What to eat and drink on Robbie Burns Day

Lia Grainger
Shine On
January 23, 2013

Dust off your kilts and get piping!

Robbie Burns Day is this Friday, and even if you don’t have Scottish blood coursing through your veins, that’s no reason not to indulge in the Scotch and Haggis infused revelry that is a Robbie Burns Day celebration.

For those in need of a refresher, Robert Burns was an eighteenth century Scottish poet, and is regarded in his home country as the greatest Scot ever. They actually had a contest and Burns won — apparently Scots are really into poetry. Burns is particularly loved because he wrote in the Scottish dialect. You may recall the opening lines of “To a Mouse” from high school English class:

“Wee, sleekit, cow'rin, tim'rous beastie, O, what a panic's in thy breastie!”

It’s about a scared mouse.

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If that’s not ringing any bells, you’ll surely recognize "Auld Lang Syne”, another Burns classic sung to this day at the stroke of midnight every New Year’s Eve. Scots celebrate Burns’ January 25th birthday every year with a traditional Robbie Burns Supper, and that tradition has made its way around the world.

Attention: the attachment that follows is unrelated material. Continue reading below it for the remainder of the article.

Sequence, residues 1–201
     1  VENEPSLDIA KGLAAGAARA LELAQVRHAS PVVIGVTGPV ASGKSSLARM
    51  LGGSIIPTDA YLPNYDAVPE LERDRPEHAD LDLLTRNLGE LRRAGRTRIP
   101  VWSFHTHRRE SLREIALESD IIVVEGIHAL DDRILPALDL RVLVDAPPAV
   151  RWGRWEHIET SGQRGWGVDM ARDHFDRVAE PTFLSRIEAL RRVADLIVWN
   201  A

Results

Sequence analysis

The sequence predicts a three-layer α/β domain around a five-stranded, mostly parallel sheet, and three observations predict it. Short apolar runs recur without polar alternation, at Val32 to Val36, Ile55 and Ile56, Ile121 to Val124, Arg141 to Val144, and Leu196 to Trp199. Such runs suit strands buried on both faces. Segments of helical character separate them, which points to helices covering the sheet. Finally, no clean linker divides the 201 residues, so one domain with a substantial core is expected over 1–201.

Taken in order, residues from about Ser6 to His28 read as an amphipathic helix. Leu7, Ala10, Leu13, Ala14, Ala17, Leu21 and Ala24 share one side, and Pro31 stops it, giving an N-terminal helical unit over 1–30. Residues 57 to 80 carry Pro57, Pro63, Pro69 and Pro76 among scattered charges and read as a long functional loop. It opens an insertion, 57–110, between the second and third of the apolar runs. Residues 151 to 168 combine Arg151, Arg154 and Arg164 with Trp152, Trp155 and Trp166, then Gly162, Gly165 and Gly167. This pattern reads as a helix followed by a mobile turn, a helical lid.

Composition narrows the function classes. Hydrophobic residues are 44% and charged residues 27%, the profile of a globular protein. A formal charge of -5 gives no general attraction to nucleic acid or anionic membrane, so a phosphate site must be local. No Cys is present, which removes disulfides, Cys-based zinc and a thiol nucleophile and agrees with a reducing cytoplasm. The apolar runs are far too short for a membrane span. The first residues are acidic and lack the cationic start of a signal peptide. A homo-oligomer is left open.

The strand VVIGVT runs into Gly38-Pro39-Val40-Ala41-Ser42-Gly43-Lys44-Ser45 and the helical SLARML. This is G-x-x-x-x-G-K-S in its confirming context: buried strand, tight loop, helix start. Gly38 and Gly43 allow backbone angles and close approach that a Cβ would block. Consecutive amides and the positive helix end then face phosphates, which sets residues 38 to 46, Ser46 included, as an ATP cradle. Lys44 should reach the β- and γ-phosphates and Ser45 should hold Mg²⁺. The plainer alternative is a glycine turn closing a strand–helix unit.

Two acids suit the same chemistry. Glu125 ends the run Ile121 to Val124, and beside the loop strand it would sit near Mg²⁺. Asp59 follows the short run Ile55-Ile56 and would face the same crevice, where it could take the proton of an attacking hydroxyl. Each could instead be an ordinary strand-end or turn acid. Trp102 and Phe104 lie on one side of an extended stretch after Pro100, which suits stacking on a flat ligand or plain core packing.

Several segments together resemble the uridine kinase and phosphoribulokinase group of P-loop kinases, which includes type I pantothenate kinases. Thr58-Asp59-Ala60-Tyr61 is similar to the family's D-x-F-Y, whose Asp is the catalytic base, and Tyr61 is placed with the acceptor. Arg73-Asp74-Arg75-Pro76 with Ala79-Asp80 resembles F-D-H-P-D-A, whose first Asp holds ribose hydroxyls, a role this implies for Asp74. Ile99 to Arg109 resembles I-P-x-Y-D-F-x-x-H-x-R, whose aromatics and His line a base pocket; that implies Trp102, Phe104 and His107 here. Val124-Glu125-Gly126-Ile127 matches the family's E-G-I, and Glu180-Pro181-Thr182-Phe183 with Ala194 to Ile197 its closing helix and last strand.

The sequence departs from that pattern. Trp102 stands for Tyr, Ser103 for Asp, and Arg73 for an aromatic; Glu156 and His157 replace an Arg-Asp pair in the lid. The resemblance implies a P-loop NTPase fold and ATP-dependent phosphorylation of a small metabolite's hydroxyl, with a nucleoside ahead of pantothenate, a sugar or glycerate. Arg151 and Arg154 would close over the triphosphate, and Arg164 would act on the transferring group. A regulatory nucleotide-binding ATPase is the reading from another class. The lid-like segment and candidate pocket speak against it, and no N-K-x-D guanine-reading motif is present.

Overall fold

If you’re thinking about throwing your own little Burns Supper, there are but two cornerstones of the meal: haggis and whiskey.

Haggis of course, is that much maligned Scottish delicacy, a savory pudding of sheep’s heart, liver and lungs mixed with onions and oatmeal and tidily encased in a sheep’s stomach.

Serving the haggis is the most important part of the Burns Supper. On it’s journey from kitchen to table, the Haggis is traditionally accompanied by a bagpiper in a kilt. Before ceremoniously cutting the stuffed organ from end to end and digging in, the host recites the Burns poem “Address to the Haggis”, which is exactly what it sounds like.

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While there’s no question that Burns adored Haggis, there’s also little doubt that it’s not for everyone.

For those looking to honour Burns’ spirit without ingesting sheep lung, there are a range of other tasty Scottish dishes to whip up, including Cullen Skink (smoked fish soup with leeks), Clootie pudding (a rich and cakey pudding), neeps and tatties (mashed potatoes and turnips), and Scottish oatcakes topped with smoked salmon.

And then of course, there’s the whiskey. On Burns Day, single malt whiskey is the drink of the hour, consumed without accoutrement. A few classic scotches include Glenfiddich, Glenmorangie, and Glenrothes. Basically anything with a “Glen” at the beginning.

And if stabbing a Haggis and stocking up on hundred dollar bottles of whiskey seems like too much effort, nearly every Scottish bar and many of the Irish bars in town will be hosting their own Robbie Burns Night, usually complete with Haggis and whiskey tastings.

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